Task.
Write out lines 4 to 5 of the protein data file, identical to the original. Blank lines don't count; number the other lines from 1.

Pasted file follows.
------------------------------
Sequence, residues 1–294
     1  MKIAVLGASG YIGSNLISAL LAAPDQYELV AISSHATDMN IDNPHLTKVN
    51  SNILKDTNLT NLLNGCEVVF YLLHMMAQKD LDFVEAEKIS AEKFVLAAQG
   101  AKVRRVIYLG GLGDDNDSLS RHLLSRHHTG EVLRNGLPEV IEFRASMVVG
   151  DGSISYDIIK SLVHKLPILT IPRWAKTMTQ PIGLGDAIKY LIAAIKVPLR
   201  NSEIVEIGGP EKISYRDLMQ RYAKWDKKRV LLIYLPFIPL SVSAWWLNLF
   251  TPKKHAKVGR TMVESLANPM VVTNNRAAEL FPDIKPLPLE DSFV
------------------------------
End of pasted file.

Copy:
   101  AKVRRVIYLG GLGDDNDSLS RHLLSRHHTG EVLRNGLPEV IEFRASMVVG
   151  DGSISYDIIK SLVHKLPILT IPRWAKTMTQ PIGLGDAIKY LIAAIKVPLR